By the time we reach the concluding two episodes, it is overwhelmingly evident that the Vietnam War was a series of unthinkable errors by made President Johnson and subsequently made worse by President Nixon, though the latter began to pull troops out whilst debating with his staff (evidence by tape recordings) how to save face from the war. President Nixon made things worse in two senses: senselessly bombing North Vietnam and pulling out the US troops in a manner of which left Saigon and South Vietnam completely open for an invasion, and awarding a long-awaited victory for the North Vietnamese Army and Viet Cong.
Episode 10 / ‘The Weight of Memory’ presents some of the more recognisable Vietnam War history – President Nixon inviting all returns PoWs and families for dinner, but ignoring those sent home with injuries over the years, and of course, Watergate and the subsequent resignation. After the North Vietnamese renaming of Saigon to Ho Chi Minh City, South Vietnam is almost presented like a dystopian world in The Vietnam War. The Vietnam War is successful in convincing its viewers that the US was at equal blame as the North Vietnam Army & Viet Cong for South Vietnam’s downfall.
The escaping of South Vietnamese and last of the US leaving is almost presented in the manner of a disaster movie. Helicopters on rooftops lifting people out before the danger arrives – all feels very Independence Day. In the years since the Vietnam War, audiences are presented with the treating of Vietnam from other nations and the end games of The Vietnam War’s contributors.
On both disc one and disc ten, special features are present. The disc one special features showcase the making of The Vietnam War, exploring the processes in making everything possible and the years it took. The special features on disc ten hosts a touching group meeting in a pub/diner between war veterans – Vietnam to Afghanistan – opening up about what they’ve experience in their respective wars and how they have respectively dealt with life after war.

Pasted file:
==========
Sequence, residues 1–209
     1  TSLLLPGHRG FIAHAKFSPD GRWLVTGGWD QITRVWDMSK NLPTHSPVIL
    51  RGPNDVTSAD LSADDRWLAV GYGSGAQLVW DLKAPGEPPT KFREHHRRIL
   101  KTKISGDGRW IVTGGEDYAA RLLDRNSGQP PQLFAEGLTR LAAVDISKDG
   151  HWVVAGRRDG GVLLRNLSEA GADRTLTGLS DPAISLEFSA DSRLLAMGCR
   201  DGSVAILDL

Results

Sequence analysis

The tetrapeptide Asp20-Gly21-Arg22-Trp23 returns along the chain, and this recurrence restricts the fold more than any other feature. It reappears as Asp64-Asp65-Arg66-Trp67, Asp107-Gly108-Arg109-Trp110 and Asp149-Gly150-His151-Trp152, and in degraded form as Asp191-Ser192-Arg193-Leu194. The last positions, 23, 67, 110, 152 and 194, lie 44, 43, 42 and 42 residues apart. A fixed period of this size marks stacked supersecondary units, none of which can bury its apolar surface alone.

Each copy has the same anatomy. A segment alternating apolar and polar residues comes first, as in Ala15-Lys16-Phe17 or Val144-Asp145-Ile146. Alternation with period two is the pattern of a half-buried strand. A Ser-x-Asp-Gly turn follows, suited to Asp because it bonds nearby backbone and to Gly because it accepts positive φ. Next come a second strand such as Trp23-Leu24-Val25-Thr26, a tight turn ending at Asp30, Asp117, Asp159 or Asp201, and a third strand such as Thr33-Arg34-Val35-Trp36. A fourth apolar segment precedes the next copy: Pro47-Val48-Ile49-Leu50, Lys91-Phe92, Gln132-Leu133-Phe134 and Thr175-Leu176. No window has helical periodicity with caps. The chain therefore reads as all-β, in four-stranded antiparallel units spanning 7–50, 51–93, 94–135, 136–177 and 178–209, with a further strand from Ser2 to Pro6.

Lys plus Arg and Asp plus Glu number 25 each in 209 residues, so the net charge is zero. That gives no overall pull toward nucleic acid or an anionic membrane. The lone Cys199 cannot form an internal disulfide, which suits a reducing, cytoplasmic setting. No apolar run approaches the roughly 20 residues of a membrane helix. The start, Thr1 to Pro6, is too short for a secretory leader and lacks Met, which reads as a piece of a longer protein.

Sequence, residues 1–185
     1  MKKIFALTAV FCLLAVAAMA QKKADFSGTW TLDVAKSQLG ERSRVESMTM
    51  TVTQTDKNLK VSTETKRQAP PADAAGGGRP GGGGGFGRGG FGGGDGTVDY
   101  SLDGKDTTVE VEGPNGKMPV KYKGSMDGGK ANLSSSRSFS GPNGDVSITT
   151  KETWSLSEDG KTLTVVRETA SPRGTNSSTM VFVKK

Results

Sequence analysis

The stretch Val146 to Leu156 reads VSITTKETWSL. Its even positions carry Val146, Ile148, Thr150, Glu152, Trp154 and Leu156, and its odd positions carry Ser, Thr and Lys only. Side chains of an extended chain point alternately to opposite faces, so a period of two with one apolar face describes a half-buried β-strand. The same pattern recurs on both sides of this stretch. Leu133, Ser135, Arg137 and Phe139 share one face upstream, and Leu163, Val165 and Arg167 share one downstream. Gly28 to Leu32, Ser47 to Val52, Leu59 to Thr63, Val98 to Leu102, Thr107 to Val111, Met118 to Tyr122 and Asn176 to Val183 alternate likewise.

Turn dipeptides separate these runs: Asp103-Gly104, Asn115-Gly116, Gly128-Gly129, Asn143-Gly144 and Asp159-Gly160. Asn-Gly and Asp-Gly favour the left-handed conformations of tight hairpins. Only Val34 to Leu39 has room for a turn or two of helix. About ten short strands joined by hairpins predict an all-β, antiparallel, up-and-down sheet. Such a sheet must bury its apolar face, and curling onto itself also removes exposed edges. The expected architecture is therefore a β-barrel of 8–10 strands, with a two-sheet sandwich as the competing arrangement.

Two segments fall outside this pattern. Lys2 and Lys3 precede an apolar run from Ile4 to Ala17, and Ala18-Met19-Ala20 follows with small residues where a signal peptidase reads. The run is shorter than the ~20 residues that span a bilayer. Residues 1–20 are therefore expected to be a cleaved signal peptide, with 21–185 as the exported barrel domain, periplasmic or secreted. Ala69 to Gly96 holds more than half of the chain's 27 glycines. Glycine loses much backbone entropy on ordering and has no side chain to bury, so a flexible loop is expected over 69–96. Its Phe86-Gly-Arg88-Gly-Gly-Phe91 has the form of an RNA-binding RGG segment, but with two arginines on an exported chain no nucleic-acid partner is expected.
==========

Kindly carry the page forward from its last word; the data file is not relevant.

An alternative fascination of The Vietnam War is not what is presented on screen, but what the series as a whole does for the understanding and contextualisation of fictional Vietnam-related media. First Blood, for example, presents the story of a Vietnam veteran who is discriminated for being a veteran, but is also a clear sufferer of PTSD. The Vietnam War contextualises so much in regards to PTSD and the variations of sufferance. Sticking with First Blood though, in one of its penultimate sequences, its lead character (Sylvester Stallone’s John Rambo) describes the abuse hurled towards him when returning from service – “Baby killer” is what he is referred to – The Vietnam War contextualises the term and informs of its origins.
Furthermore, The Vietnam War additionally establishes how bat-sh*t crazy America was during the Vietnam War. As mentioned earlier, a horrifying example being of the innocent student protestors killed on campus and then a subsequent poll declaring that majority of Americans agreed with the killing of the students, is scary beyond belief.
Ultimately, words cannot do justice on how important, valuable and intelligent The Vietnam War is. The Vietnam War is the definitive war documentary. From French Colonialism to reunions between former Vietnam enemies, The Vietnam War DVD box-set is unbiased, insightful, quite simply brilliant, and contains the full length episodes broadcast on PBS, instead of the cut versions from the BBC. More for your money!
The Vietnam War is now available to buy from PBS America, priced £69.99.